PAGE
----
For titaniferous, leucoxene, rutile, perovskite, and sphene ores, impurities which are especially important to reduce to acceptable levels are iron, manganese, calcium, and radionuclides such as thorium and uranium. It is important that iron be reduced to acceptable levels (1) because it often is a major impurity which can cause substantial chlorine consumption in the chloride process for producing TiO2, and (2) it will form iron chlorides in the chloride TiO2 process, and such iron chlorides can be a disposal problem. It also is important that manganese be reduced to acceptable levels. This is because manganese is a high boiling material which can coalesce and form a hard slag on the interior of the flue exiting the fluidized bed chlorinator, which is the first step of the chloride TiO2 process. Note that manganese is commonly associated with titaniferous ores such as ilmenite. Finally, it is important that the radionuclides be reduced to acceptable levels because they can present potential health problems.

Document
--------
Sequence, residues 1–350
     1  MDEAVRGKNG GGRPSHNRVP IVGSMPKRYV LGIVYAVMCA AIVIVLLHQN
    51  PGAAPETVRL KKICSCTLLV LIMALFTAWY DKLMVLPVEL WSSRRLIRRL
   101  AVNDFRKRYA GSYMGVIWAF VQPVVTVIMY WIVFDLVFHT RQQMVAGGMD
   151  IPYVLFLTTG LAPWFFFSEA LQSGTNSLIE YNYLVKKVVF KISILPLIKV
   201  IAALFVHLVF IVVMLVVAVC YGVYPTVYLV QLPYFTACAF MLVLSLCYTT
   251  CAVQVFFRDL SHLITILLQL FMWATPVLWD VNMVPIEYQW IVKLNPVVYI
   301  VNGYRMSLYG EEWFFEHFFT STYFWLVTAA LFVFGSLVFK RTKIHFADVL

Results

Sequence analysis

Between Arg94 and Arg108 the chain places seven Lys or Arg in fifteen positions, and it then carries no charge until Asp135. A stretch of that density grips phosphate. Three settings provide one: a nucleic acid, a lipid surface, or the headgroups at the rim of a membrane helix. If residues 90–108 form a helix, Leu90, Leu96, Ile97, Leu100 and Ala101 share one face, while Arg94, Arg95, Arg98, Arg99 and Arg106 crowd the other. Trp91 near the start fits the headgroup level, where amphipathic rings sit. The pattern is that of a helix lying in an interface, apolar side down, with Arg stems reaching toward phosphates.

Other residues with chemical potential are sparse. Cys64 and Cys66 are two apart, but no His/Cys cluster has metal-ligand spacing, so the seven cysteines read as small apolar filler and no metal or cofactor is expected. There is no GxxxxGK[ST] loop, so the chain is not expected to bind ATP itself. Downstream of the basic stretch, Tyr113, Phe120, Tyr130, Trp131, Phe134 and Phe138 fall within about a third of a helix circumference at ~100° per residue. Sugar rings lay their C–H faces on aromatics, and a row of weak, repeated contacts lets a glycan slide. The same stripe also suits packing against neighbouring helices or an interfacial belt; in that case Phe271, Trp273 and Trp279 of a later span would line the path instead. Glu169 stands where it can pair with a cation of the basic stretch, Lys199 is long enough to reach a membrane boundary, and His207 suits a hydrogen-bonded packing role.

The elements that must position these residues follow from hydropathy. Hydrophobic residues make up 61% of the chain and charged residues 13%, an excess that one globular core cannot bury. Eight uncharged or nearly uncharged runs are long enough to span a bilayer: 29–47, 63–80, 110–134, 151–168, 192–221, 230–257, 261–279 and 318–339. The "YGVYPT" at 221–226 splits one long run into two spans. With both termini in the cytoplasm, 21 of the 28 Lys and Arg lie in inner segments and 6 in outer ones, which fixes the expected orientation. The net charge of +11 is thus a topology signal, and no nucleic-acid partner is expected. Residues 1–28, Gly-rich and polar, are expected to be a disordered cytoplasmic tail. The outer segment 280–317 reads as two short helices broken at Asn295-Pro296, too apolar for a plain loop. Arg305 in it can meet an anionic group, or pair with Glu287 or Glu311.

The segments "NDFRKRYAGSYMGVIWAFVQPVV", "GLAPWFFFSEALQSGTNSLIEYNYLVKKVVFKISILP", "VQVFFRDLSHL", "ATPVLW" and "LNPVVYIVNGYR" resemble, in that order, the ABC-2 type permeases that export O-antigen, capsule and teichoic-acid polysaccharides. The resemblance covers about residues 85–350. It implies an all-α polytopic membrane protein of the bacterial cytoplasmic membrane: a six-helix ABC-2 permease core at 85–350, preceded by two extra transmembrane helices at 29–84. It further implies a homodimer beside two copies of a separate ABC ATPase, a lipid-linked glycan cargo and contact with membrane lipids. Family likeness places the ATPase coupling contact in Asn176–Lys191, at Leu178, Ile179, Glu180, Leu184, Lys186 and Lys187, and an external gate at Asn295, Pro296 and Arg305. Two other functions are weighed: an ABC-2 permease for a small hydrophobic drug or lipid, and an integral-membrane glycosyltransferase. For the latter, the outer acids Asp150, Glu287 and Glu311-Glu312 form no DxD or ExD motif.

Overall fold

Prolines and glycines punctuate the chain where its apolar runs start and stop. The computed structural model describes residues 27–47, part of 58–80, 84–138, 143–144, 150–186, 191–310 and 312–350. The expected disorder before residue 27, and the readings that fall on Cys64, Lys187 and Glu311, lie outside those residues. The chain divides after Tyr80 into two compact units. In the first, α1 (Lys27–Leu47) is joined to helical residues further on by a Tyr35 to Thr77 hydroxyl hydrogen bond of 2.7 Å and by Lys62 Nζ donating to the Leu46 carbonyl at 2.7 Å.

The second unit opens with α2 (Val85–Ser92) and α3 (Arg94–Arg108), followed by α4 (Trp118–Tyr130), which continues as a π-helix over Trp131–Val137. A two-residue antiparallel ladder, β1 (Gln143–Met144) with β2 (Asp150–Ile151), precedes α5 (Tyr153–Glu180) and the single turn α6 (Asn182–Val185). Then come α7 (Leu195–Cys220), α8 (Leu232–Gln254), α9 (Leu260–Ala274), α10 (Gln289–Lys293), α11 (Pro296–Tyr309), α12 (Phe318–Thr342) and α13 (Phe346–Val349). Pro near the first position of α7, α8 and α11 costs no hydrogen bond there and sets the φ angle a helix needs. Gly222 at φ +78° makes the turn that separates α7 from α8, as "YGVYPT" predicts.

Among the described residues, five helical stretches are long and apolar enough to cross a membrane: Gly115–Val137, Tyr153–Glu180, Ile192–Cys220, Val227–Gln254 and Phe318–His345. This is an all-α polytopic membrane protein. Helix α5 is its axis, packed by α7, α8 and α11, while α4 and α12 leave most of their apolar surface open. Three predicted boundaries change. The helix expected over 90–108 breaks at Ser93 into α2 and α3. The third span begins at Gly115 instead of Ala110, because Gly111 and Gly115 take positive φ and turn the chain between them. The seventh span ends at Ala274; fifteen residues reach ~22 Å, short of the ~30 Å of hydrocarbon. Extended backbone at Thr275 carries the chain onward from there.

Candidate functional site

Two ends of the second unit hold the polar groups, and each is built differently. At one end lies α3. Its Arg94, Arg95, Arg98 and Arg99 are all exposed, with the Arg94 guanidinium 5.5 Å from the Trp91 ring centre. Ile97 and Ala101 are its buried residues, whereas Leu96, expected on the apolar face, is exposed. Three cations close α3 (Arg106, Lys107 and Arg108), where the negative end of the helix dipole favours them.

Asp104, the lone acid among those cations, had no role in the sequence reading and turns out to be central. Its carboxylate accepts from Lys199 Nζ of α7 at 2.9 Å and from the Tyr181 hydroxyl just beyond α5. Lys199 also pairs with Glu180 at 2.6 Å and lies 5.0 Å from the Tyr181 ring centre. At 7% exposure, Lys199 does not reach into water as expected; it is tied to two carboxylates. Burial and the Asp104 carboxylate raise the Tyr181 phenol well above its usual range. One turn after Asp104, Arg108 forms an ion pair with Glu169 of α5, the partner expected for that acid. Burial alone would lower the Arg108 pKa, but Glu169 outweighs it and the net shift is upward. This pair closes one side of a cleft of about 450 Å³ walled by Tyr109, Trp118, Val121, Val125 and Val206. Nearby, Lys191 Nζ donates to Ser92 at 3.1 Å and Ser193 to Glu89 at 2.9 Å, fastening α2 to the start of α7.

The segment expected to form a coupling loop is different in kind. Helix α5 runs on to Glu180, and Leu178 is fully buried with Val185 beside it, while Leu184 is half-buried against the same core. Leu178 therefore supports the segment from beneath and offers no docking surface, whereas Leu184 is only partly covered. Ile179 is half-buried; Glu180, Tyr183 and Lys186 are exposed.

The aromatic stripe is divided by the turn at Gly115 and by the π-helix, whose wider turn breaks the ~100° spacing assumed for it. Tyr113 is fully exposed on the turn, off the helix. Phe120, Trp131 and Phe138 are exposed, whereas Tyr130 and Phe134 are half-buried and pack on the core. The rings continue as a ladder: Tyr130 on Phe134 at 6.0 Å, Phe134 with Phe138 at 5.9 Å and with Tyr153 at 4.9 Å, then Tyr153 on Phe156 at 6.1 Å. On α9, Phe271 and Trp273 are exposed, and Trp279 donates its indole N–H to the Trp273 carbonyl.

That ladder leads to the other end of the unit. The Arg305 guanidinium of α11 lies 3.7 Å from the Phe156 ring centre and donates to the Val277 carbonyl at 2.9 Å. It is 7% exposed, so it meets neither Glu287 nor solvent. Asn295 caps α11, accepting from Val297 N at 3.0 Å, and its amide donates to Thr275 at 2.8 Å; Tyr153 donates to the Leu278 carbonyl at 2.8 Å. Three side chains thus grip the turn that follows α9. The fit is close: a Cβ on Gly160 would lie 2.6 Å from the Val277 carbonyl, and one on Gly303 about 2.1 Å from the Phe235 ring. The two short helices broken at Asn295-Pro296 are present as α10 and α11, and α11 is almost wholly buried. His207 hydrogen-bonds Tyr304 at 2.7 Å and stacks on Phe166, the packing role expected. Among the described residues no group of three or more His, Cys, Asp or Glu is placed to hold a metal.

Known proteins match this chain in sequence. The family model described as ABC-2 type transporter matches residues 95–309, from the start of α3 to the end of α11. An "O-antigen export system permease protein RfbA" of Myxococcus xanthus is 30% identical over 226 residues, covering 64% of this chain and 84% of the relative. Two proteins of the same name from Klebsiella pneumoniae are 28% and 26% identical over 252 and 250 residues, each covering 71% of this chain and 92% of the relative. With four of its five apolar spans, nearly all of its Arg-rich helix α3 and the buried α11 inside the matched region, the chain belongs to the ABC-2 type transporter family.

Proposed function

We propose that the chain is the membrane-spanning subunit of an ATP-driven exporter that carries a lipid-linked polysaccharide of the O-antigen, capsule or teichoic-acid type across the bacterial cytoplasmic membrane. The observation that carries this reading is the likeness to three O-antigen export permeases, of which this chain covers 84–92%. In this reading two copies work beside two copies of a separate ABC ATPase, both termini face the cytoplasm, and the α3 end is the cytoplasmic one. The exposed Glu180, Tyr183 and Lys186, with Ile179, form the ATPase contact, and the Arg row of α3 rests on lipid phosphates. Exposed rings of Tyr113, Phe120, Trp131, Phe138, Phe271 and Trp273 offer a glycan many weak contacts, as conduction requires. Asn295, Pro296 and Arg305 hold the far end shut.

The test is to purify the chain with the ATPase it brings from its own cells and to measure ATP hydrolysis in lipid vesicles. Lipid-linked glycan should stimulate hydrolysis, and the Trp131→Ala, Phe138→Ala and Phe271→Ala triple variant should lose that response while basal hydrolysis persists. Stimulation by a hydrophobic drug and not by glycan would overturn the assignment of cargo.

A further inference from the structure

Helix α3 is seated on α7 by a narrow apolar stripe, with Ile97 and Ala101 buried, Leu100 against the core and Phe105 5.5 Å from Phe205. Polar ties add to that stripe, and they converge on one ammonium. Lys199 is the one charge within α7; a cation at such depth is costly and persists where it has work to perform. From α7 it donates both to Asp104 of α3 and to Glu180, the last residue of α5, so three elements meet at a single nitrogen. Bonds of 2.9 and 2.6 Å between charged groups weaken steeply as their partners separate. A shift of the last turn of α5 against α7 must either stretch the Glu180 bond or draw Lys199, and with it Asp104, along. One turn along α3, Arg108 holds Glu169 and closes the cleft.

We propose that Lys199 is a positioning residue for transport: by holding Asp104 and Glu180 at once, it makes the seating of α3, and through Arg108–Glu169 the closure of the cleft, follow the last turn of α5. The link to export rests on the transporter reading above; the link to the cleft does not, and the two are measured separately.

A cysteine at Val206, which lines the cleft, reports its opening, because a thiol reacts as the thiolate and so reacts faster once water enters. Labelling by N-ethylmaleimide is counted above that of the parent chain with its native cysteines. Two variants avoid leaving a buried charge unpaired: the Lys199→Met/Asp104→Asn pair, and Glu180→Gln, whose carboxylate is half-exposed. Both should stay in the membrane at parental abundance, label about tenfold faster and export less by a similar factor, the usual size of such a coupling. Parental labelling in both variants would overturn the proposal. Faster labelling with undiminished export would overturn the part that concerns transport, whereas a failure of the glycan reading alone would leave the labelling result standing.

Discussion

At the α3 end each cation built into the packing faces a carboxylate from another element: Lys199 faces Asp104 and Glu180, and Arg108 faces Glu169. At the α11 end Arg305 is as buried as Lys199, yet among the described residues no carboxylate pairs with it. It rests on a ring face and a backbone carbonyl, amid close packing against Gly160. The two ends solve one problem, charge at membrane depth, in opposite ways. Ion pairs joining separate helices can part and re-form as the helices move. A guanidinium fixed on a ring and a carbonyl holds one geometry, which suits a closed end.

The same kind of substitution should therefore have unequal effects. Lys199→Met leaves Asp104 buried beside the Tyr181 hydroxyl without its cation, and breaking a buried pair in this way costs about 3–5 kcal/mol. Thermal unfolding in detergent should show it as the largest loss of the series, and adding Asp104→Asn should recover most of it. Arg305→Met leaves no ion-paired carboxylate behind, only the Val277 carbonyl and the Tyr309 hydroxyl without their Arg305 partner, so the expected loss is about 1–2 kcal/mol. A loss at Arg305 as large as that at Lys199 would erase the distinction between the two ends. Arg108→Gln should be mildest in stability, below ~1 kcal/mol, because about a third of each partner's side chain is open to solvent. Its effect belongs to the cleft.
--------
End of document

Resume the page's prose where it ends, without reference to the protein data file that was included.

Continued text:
In purifying titaniferous ore, leucoxene, rutile, perovskite, and sphene, it is also important that the TiO2 content in the ore be upgraded to a reasonably high level so that output of TiO2 from the TiO2 process is optimized and processing problems associated with removing ore impurities from the process are minimized. Therefore, generally, the TiO2 content in the beneficiated ore should be upgraded to at least 75 percent, preferably to at least 80 percent, and most preferably to at least about 90 percent.

While some prior art processes can remove some of the aforementioned impurities, they typically require prereduction or preoxidation followed by prereduction as an essential step. Prereduction and/or preoxidation is undesirable because it is expensive (due to substantial energy and investment requirements) and tends to make it more difficult to remove radionuclides. It therefore would be desirable to have a beneficiation process which did not require prereduction as an essential step.

The following information is disclosed which may be of interest to this invention:

U.S. Pat. No. 4,176,159 discloses a process for the removal of impurities from rutile, ilmenite, and leucoxene ores. The process requires high temperature calcining, cooling, reducing, cooling, magnetic separation, mineral acid leaching, neutralizing, and washing.